And if I ever reach that point, I know that I will, in one way or another, still be doing works of fantasy and science fiction. And that I will have Michael Whelan, Don Maitz, Bob Eggleton, Real Musgrave, Jim Gurney and countless other friends right beside me, pouring out works that dazzle and amaze, because they are filled with the same fire to reach for something better with each painting. And they are constantly at work, honing their skills. None of us has yet reached our peak. Can you imagine what we will be able to do when we get really good?
Teresa Patterson: I only hope I am there to see it. From your description, it sounds like you needed only to learn how to paint to have a career. I know there was more to it than that. How did you manage that all-important step between learning to paint and actually landing a contract?
David Cherry: First of all, I had good friends. That was the best thing about turning from law to art -- the people. I had done law for eight years and didn't have one friend in the business, one person I could respect. When I turned to art, the money was nowhere near as good, but almost every one of my peers is someone I would be proud to have for a friend, a brother, or a sister.
As a matter of fact, my first actual illustration job did come through my sister, C.J. It was back in the late Seventies. She knew that I had been doing art again in my spare time, ever since seeing the art show at Big Mac. I had shown her some of my efforts. She was doing a book that was to be published by Don Grant. Most of the books he produces are illustrated. Sis saw this as a good chance to nudge me in a direction that would force me to take my art more seriously. She had me put together samples of some of my drawings and send them to Don. To my surprise, he liked them and said he would trust me to illustrate the book [Ealdwood], even though I had never done anything like that before.
But as fun as that project was, and as important as it became in finally convincing me to leave law, it doesn't really count in answer to your question. At the time of that sale, I was still a lawyer playing at doing a bit of illustration. I was a total amateur and enjoyed it as a lark -- something to tell my grandkids about, if I ever had any. Later, after meeting Real and Muff Musgrave and leaving law to teach myself art, getting work on my own as an illustrator became a deadly serious business.
It was Bill Fawcett who gave me my first actual assignment after I closed the law firm in 1982. It was $25 an image for several black and white interiors illustrating a manual for a game from Mayfair Games. I have forgotten the name of the game. But actual illustration jobs were few and far between from 1982 through 1984. I didn't really expect to have many, mind you. I knew I wasn't good enough to compete with the pros. So I held onto my day job [doing legal work on a contract basis for another lawyer] and practiced my heart out to get better.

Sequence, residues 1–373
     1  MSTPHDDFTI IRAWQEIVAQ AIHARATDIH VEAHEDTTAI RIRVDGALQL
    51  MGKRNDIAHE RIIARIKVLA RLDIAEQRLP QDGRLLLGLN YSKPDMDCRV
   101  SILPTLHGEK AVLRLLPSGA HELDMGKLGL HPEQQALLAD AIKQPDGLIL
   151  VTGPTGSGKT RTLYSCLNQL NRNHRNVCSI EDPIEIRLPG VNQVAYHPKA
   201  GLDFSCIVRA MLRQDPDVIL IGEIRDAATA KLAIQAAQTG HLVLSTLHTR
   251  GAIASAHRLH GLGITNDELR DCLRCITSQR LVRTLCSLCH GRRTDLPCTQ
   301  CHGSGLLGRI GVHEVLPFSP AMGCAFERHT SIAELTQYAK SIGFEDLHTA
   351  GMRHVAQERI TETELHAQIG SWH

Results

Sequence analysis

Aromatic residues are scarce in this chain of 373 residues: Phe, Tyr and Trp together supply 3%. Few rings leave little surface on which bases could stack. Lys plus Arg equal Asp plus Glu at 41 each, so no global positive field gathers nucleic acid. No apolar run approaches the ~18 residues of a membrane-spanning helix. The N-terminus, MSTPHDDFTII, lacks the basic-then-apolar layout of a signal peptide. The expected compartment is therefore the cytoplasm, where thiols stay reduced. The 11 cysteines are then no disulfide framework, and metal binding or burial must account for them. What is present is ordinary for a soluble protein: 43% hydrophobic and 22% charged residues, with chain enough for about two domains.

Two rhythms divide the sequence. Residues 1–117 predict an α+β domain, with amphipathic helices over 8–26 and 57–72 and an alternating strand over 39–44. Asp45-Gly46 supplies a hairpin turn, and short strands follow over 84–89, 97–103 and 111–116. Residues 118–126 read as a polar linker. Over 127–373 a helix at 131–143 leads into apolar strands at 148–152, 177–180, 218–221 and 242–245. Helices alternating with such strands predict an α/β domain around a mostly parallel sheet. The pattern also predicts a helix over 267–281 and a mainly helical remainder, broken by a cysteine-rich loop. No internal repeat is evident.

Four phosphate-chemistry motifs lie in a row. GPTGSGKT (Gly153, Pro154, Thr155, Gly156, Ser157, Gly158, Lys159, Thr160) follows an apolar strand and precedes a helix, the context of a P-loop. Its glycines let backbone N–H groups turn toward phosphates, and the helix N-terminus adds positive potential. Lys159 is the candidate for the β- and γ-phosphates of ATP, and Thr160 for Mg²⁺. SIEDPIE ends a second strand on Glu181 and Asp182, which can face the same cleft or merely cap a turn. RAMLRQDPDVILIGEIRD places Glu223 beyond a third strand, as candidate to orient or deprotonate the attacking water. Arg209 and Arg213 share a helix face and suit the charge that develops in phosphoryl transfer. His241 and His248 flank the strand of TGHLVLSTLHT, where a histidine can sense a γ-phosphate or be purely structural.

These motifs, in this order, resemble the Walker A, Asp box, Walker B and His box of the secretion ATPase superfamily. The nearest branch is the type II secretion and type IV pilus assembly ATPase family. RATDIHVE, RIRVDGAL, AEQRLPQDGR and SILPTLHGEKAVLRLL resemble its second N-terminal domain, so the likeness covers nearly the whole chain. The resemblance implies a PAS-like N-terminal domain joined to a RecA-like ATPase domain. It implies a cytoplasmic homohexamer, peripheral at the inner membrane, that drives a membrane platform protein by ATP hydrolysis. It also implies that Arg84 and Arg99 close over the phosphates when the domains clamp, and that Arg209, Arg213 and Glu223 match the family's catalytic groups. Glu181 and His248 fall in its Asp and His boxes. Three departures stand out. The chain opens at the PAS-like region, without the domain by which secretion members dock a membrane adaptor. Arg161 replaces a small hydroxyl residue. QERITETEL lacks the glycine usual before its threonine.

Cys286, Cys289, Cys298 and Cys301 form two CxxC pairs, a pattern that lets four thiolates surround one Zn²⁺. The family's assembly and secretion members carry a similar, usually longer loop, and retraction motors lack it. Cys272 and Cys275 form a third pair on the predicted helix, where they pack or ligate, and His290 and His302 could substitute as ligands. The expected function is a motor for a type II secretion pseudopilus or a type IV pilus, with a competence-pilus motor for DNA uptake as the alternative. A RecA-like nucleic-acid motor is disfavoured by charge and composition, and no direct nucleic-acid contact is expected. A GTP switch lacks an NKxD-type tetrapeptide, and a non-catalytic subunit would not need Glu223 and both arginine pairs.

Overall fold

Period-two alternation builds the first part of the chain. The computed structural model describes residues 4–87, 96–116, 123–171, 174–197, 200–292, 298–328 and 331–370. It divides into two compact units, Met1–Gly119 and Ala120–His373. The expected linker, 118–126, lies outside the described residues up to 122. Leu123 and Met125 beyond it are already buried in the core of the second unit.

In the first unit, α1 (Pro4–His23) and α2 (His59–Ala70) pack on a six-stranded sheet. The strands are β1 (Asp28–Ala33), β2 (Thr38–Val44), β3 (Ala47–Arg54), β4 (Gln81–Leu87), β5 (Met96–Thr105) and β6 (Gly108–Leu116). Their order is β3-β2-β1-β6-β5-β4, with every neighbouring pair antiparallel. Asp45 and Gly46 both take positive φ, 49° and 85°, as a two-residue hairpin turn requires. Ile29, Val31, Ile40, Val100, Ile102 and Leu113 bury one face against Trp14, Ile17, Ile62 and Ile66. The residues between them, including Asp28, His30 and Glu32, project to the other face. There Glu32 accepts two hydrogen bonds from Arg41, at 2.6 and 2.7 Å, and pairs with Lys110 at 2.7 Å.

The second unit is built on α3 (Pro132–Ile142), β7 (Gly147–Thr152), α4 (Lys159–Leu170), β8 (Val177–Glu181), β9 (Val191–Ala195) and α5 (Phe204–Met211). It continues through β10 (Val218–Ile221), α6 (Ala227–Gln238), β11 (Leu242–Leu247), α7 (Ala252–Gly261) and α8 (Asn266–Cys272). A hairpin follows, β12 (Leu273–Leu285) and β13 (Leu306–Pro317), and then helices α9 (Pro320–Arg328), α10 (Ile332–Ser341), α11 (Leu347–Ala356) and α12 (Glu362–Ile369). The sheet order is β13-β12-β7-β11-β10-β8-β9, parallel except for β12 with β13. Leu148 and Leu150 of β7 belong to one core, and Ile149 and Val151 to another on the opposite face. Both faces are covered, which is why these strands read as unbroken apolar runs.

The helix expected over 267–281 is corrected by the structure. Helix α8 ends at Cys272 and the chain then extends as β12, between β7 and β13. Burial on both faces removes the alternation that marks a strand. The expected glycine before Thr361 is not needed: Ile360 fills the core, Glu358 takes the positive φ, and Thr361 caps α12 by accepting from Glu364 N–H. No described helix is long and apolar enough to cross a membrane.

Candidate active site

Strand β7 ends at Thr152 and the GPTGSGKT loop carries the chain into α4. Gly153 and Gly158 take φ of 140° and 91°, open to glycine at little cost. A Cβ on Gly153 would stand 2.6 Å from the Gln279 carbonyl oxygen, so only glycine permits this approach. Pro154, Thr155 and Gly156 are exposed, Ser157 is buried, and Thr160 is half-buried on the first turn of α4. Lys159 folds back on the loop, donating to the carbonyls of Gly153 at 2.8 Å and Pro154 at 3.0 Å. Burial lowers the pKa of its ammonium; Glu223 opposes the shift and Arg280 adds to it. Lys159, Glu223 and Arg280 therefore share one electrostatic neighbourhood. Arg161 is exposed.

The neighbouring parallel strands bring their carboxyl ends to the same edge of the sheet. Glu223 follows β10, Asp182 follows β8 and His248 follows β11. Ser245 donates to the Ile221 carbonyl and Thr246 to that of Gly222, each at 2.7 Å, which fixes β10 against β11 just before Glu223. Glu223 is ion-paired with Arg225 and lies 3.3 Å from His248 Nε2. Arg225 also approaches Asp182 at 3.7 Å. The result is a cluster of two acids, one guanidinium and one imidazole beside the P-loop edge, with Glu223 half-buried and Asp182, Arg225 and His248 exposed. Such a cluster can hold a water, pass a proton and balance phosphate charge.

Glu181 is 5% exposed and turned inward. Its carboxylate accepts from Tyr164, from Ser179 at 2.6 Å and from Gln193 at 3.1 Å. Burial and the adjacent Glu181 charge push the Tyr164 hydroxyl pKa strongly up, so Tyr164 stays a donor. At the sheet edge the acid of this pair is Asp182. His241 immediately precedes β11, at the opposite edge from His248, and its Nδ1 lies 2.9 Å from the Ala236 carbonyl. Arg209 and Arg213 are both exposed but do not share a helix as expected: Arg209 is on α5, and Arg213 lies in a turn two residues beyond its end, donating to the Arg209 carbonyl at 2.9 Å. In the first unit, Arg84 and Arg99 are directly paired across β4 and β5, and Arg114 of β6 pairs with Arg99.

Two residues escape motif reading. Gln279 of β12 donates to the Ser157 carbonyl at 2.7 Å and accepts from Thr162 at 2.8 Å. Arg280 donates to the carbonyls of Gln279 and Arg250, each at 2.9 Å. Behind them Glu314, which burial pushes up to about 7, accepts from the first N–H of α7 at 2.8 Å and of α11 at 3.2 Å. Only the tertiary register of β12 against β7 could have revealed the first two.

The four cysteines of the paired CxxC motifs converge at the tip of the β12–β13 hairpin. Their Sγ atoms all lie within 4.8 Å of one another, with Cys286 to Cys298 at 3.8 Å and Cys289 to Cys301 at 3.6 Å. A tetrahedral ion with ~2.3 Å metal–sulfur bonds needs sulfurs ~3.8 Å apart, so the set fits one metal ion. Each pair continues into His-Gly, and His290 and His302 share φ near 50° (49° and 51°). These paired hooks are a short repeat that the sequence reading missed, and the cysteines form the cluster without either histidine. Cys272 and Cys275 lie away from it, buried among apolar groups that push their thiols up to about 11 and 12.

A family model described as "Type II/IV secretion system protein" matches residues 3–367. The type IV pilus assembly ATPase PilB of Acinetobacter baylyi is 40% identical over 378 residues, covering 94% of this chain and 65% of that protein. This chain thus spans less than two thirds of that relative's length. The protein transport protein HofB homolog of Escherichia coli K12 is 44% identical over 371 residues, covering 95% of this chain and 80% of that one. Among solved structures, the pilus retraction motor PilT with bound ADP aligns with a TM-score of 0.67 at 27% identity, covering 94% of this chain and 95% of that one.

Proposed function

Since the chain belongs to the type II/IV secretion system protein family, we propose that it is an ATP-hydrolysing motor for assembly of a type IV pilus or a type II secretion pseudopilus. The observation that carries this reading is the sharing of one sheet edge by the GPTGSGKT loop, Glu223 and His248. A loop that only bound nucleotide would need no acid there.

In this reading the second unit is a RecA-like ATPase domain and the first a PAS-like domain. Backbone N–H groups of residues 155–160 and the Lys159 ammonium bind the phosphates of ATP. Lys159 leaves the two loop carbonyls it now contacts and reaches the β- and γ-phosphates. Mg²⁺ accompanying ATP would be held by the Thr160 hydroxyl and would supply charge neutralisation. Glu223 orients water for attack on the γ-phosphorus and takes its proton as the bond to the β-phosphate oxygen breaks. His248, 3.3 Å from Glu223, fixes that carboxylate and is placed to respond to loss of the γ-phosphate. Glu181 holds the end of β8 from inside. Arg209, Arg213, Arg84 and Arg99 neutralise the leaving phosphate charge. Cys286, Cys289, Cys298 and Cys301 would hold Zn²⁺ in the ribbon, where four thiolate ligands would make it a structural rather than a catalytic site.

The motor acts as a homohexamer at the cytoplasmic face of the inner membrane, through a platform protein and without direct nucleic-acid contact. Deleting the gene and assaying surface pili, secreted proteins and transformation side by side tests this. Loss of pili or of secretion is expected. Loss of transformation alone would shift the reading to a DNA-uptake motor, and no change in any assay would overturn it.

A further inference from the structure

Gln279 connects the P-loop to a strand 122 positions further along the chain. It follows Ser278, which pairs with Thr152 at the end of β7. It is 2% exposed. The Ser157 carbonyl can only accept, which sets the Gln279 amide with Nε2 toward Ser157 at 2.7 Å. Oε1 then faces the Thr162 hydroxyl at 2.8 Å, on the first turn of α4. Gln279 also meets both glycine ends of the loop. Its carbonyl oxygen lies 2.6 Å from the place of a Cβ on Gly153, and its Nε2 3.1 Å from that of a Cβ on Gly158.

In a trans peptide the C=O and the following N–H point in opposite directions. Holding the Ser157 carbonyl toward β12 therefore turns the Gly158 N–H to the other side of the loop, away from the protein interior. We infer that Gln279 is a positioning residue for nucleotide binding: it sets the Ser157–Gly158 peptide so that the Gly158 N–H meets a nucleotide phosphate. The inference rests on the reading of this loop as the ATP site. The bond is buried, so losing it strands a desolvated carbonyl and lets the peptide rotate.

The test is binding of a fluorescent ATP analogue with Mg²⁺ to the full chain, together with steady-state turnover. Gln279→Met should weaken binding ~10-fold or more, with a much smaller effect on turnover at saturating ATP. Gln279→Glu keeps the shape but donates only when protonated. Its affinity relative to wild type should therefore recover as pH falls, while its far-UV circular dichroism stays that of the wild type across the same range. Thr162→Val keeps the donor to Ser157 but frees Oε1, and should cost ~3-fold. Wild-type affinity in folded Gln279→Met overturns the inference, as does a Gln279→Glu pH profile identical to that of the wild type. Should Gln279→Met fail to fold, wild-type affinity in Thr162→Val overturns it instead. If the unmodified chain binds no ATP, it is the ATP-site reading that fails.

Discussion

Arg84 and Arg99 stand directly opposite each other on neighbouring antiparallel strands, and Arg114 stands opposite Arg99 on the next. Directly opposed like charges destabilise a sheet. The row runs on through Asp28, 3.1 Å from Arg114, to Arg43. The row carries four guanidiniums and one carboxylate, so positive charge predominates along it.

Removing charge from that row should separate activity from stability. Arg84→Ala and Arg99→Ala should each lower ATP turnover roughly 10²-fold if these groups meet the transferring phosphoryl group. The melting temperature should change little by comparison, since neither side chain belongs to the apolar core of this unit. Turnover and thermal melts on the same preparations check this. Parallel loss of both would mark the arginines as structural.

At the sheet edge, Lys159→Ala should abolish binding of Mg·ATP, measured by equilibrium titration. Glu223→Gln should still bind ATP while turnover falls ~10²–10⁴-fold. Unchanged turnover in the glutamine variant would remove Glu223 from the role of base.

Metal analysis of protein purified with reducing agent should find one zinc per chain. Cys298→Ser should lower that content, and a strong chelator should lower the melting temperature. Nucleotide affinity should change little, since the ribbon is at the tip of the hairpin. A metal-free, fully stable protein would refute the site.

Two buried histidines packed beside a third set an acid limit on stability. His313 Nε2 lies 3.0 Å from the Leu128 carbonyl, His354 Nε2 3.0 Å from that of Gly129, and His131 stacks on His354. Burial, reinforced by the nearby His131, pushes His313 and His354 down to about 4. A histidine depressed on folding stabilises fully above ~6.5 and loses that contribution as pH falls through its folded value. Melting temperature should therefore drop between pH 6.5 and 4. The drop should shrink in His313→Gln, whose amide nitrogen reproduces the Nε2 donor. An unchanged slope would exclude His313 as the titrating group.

During that time, if I did a painting and it was a success, I counted it as a waste of my time. I needed to get good, really good and fast. And how could I do that if I limited myself to painting things I already knew how to do well? Failures, on the other hand, were exciting to me. With each new painting, I always gave myself something to do that I had no idea how to handle. I would, of course, fail at it. But then I would examine the effort I had made to see if I could isolate what the failure was. If I could detect it, I could research it, find a solution and implement it. That was how I spent those two years, forcing myself to fail, and then learning how not to.
Failure by failure, my experience and skill grew. That was why, by the time I went to see Jim Christensen, I was ready to hear what he had to say, and why I knew what to do with it. I already had all the pieces to the jigsaw puzzle. Jim showed me how they fit together. He gave me a pattern, a procedure. After that, the work got better fast. But there was still a lag between the time that I was good enough to get work and the time that work actually started coming in.
Why? Because one or two good pieces does not a portfolio make. And I had to have one. I tried sending slides. That didn't work. We didn't have PCs then, so I couldn't just email a bunch of jpgs to the art directors. I had to get 8 by 10 photographs of my best paintings, put them in a leather-bound portfolio, and schlep it around New York from publisher to publisher.
Betsy Wollheim and Peter Stampfel, who live in Manhattan, were kind enough to open their home to me and let me bunk with them on my annual visits to show my portfolio. That was great and saved a lot on hotel costs. Later, Janny Wurts and Don Maitz [when they still lived in Connecticut] let me stay with them.
It was Don [Maitz] who taught me an invaluable lesson about portfolios. I had stuffed mine with everything I had that had any possible merit -- many of which were truly amateurish -- and I had put the best things first. Don looked at it, shook his head, told me to…